It was in the fall of 2010 that University of Las Vegas professor Dr. Brenda Buck first noticed the fibrous dust on her clothes. Buck, a medical geologist, had been conducting fieldwork in the Nevada desert to test for the presence of toxic arsenic particles in the soil. What she discovered was even more disturbing: Asbestos.
Asbestos is a naturally-occurring mineral found in certain types of rock formations. If inhaled, its thread-like, microscopic fibers can get stuck in the lungs. Once there, they can cause a deadly cancer known as mesothelioma as well as other respiratory diseases, including lung cancer and asbestosis.
The presence of naturally occurring asbestos in Nevada therefore posed a potential public health risk, and Dr. Buck and her colleague Dr. Rodney Metcalf quickly moved to assess how much of the area might be affected. The geologists obtained funding to study just how much of the state’s landscape might contain asbestos-laden minerals. They also reached out to cancer researchers at the University of Hawaii, who study mesothelioma and other asbestos-related diseases, to help them determine whether Nevada residents were already being hurt by the asbestos.
Their work, however, nearly didn’t see the light of day.
New Danger from an Old Foe
When a scientist discovers a potential risk to the public, the first government officials racing to respond are usually those in charge of public health. In Nevada, however, that didn’t prove to be the case. Instead, those officials were reluctant to even admit there was a danger.
In part, that’s because scientists have only recently begun to understand the full impact of exposure to naturally-occurring asbestos outside of the manufacturing industry. Asbestos was used in many different industries in the early-to-mid-20th century to create fire-resistant materials, and the risks faced by workers who directly handle asbestos-containing products have long been understood.
But the potential dangers posed by asbestos in the atmosphere have undergone greater study in recent years. In the small town of Libby, Montana, hundreds of deaths have been traced to exposure to asbestos-laden dust generated by a nearby mining operation. During the mining process, an enormous amount of asbestos fibers became airborne. The town was declared an EPA Superfund site in the late 1990s.
Buck, Metcalf, and their colleagues were concerned that Nevada’s natural asbestos deposits could prove very dangerous. Not only is the area where they found asbestos a target for housing development, a huge highway bypass was planned for the area – a project that would inevitably generate asbestos-laden dust clouds.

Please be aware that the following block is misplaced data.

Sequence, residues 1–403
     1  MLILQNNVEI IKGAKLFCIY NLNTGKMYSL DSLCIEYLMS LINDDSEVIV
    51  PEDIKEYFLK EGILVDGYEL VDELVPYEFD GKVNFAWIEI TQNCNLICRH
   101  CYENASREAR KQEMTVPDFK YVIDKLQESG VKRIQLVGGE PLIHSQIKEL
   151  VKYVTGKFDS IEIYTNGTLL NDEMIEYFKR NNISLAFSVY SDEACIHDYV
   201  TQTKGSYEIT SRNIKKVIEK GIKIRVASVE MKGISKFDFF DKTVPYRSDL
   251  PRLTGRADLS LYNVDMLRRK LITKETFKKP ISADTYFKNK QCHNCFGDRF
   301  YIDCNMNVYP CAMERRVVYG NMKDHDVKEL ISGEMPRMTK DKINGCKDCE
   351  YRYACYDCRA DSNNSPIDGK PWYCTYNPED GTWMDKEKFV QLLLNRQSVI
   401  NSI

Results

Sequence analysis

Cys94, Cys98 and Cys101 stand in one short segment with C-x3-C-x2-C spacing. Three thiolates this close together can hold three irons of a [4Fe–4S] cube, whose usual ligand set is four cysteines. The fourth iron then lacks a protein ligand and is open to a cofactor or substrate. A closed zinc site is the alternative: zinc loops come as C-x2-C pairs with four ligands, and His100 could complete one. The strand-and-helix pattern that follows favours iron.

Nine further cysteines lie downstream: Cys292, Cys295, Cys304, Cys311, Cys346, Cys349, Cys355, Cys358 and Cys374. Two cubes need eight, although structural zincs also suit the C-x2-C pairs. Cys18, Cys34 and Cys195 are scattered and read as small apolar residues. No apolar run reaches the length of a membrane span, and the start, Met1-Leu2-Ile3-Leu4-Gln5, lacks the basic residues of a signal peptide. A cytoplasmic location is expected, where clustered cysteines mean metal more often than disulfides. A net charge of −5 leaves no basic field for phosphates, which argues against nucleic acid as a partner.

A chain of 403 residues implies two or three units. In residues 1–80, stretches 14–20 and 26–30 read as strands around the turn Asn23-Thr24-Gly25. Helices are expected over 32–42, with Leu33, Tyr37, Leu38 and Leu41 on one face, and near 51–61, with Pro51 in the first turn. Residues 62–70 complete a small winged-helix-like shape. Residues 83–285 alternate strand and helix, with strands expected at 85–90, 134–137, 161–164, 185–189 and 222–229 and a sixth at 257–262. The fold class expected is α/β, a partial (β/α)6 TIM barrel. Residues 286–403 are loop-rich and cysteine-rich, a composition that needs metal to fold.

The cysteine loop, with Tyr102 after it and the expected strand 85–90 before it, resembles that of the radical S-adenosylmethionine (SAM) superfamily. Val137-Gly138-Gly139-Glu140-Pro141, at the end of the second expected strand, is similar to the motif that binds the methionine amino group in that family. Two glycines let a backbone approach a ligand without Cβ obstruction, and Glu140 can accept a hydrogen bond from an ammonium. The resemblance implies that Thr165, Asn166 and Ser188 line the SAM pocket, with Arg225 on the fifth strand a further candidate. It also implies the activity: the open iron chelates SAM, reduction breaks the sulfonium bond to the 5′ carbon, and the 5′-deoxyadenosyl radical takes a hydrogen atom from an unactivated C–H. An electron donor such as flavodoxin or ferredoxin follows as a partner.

But their attempts to study the issue were prevented. Nevada State public health officials abruptly rescinded the scientists’ permission to use public health records to track the levels of asbestos-related disease in Nevada residents, blocking the publication of their research. The public health officials claim that since overall levels of mesothelioma in Nevada are comparable with other states’, there’s no need for public concern.
“For the community, I would say there is nothing to worry about…the only thing that changed is that before we didn’t know that there was asbestos. Now we know that there is asbestos in the air. That doesn’t make it an emergency,” said Dr. Ihsan Azzam the state's chief epidemiologist, who spoke with a local NPR station.
Preliminary Findings Suggest Reason to Worry
Dr. Buck and her medical geology colleagues don’t agree. It took her team years to overcome the obstacles put in their path by the Public Health Department. But using data provided by the federal Centers for Disease Control and Prevention (CDCP), they were finally able to complete their work, publishing a study in a lung cancer journal in May 2015.
Counter to the Nevada State chief epidemiologist’s statement, Buck’s published research findings were fittingly titled, “The Presence of Asbestos in the Natural Environment Is Likely Related to Mesothelioma in Young Individuals and Women in Southern Nevada.” Buck and her research team found intriguing evidence of the possible impact of naturally occurring asbestos by examining mesothelioma victims.
Since asbestos was used so widely in manufacturing and construction, the majority of victims have historically been men, who make up the bulk of the work force in those sectors. But in 2 Nevada counties where naturally occurring asbestos has been found, women are about equally as likely to be victims of mesothelioma as men. This suggests that it’s not workplace exposure which is causing their disease. More likely, the cause is the airborne asbestos particles.
Despite the undeniability of the study’s data, state public health officials remain unconcerned. “I am confident that the state of Nevada is taking all precautions necessary to protect its people,” Dr. Tracey Green, Nevada Chief Medical Officer, told NPR.
With state and local officials planning to push through the proposed highway project, and the looming possibility of asbestos-laden dust clouds, local residents may not agree.